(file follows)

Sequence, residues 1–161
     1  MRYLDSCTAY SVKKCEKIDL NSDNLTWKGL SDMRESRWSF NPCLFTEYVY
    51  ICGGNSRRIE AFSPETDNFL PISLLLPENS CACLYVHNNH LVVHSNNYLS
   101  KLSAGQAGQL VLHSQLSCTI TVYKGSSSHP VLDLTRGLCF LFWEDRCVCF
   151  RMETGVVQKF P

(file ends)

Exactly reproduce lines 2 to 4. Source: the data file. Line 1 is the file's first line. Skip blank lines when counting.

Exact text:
     1  MRYLDSCTAY SVKKCEKIDL NSDNLTWKGL SDMRESRWSF NPCLFTEYVY
    51  ICGGNSRRIE AFSPETDNFL PISLLLPENS CACLYVHNNH LVVHSNNYLS
   101  KLSAGQAGQL VLHSQLSCTI TVYKGSSSHP VLDLTRGLCF LFWEDRCVCF